Along with three of the four sets of cards, Zondervan will include a signed card of one of the following (the fourth will be a “consolation prize” and will not include a signed card):
That’s N. T. Wright, Elisabeth Schüssler Fiorenza, and Kevin J. Vanhoozer.
It is interesting to look at the reviews on Amazon, where the reviewers mention being puzzled at which theologians were included and which were not. One person had never heard of Rosemary Radford Ruether (!) but thinks that Charles Ryrie ought to have a card.
But it isn’t necessary to choose, in the long term. I am delighted to say that there are plans for follow-up sets of trading cards, including ones that will branch out into New Testament scholars (and, I hope, eventually Hebrew Bible/Old Testament scholars). And so I thought it would be fun to encourage commenters here to say who else they would like to see cards for. Feel free to be serious or satirical or approach it any other way you see fit. (And feel free to make them part of your “Fantasy Team for Jesus Nerds” that Anthony Le Donne recently blogged about).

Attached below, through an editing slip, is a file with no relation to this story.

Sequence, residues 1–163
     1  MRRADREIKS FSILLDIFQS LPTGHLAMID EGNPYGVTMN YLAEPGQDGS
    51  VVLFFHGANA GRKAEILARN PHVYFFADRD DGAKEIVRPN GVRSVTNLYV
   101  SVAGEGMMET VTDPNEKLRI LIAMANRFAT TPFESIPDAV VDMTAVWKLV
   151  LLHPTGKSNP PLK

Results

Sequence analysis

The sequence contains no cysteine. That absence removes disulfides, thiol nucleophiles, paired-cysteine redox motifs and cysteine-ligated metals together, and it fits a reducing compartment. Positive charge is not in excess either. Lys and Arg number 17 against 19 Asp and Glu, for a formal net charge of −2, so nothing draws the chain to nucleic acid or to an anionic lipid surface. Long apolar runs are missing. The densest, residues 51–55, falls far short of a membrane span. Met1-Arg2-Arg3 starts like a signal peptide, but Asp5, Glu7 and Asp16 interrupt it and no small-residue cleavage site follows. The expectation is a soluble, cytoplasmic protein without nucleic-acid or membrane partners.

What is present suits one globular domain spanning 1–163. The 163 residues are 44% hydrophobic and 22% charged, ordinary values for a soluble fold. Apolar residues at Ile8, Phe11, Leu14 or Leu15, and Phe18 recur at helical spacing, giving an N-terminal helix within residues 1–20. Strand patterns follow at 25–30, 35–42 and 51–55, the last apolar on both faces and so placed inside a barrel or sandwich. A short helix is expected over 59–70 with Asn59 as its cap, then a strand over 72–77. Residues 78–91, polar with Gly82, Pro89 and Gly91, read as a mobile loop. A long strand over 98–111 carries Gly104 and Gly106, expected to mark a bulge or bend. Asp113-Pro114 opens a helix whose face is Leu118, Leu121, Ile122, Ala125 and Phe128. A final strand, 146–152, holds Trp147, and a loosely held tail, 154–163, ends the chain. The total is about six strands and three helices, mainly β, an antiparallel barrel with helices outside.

To encourage readers to be creative in suggesting which future cards they would want to see (including duplicates of current ones for different “seasons” in their work, perhaps?), I have decided that, while I will give away the three sets of trading cards with signed cards at random, I will give the fourth set to the person that I thought left the best comment.
So for the purpose of the main giveaway, all you need to do is leave a comment here on the blog (sorry, comments left on a shared link on Facebook or somewhere else don’t count) with the name of the theologian whose signed card you would like most (feel free to mention two or three and rank them, in case it turns out that I can’t get you your first choice). But to maximize your chances of getting a set of cards even if not chosen at random, leave as many comments as you wish that suggest possible cards for other scholars, whether theologians in the narrow sense or scholars in other related fields. There is no penalty for two people proposing cards for the same theologian or scholar. What will matter to win the final set is what you write, whether it be your serious reason for wanting that person to have a card, or your frivolous and funny description of what you think should go on the card.
Is that clear? I hope so. Now, let the contest begin! I will let this run until Monday and will pick the winner after that.
Enter early, and enter often. And spread the word!